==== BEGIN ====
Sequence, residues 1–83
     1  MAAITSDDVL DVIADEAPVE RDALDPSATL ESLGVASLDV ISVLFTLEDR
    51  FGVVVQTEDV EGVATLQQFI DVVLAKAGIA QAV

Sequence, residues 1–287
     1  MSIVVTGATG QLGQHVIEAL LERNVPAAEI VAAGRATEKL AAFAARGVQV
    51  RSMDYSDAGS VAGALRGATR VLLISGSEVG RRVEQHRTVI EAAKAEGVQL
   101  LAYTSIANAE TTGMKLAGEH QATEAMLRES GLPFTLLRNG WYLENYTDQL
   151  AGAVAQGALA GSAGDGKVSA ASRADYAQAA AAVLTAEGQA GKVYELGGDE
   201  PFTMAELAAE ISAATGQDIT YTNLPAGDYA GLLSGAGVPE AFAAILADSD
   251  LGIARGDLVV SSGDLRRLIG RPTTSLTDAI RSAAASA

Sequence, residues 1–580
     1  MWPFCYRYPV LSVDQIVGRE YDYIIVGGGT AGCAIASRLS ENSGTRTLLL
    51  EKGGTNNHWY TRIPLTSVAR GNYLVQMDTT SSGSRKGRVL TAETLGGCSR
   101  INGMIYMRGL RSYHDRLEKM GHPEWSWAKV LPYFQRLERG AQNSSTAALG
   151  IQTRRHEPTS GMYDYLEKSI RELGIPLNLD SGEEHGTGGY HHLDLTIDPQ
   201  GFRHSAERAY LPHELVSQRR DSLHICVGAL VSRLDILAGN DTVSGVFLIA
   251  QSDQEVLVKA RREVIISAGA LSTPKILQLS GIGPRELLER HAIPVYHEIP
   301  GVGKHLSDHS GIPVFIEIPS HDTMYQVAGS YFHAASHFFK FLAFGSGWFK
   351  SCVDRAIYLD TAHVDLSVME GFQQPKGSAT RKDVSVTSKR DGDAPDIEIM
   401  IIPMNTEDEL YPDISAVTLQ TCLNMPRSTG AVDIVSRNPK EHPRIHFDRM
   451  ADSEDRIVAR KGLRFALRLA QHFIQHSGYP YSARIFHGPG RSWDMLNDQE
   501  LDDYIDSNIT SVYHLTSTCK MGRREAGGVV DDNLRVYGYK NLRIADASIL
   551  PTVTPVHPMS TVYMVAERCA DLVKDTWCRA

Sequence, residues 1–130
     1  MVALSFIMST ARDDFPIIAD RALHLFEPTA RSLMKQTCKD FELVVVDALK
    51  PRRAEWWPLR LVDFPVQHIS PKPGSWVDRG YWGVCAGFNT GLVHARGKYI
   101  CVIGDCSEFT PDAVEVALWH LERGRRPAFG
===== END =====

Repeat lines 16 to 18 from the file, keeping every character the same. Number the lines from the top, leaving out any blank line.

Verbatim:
   201  GFRHSAERAY LPHELVSQRR DSLHICVGAL VSRLDILAGN DTVSGVFLIA
   251  QSDQEVLVKA RREVIISAGA LSTPKILQLS GIGPRELLER HAIPVYHEIP
   301  GVGKHLSDHS GIPVFIEIPS HDTMYQVAGS YFHAASHFFK FLAFGSGWFK